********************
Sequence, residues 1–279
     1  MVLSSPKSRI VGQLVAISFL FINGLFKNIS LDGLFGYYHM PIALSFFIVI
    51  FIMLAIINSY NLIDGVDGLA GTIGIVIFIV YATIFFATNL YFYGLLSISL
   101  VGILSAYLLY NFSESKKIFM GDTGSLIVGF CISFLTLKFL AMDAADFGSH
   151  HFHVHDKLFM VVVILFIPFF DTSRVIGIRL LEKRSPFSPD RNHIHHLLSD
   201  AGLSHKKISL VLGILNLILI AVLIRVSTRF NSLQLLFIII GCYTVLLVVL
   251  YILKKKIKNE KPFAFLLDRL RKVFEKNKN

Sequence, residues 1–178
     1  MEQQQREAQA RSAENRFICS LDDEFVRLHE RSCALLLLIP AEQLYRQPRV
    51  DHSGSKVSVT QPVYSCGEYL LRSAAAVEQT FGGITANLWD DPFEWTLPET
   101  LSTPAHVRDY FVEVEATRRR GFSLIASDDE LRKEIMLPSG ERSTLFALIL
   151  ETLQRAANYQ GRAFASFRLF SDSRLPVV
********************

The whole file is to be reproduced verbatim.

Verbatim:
Sequence, residues 1–279
     1  MVLSSPKSRI VGQLVAISFL FINGLFKNIS LDGLFGYYHM PIALSFFIVI
    51  FIMLAIINSY NLIDGVDGLA GTIGIVIFIV YATIFFATNL YFYGLLSISL
   101  VGILSAYLLY NFSESKKIFM GDTGSLIVGF CISFLTLKFL AMDAADFGSH
   151  HFHVHDKLFM VVVILFIPFF DTSRVIGIRL LEKRSPFSPD RNHIHHLLSD
   201  AGLSHKKISL VLGILNLILI AVLIRVSTRF NSLQLLFIII GCYTVLLVVL
   251  YILKKKIKNE KPFAFLLDRL RKVFEKNKN

Sequence, residues 1–178
     1  MEQQQREAQA RSAENRFICS LDDEFVRLHE RSCALLLLIP AEQLYRQPRV
    51  DHSGSKVSVT QPVYSCGEYL LRSAAAVEQT FGGITANLWD DPFEWTLPET
   101  LSTPAHVRDY FVEVEATRRR GFSLIASDDE LRKEIMLPSG ERSTLFALIL
   151  ETLQRAANYQ GRAFASFRLF SDSRLPVV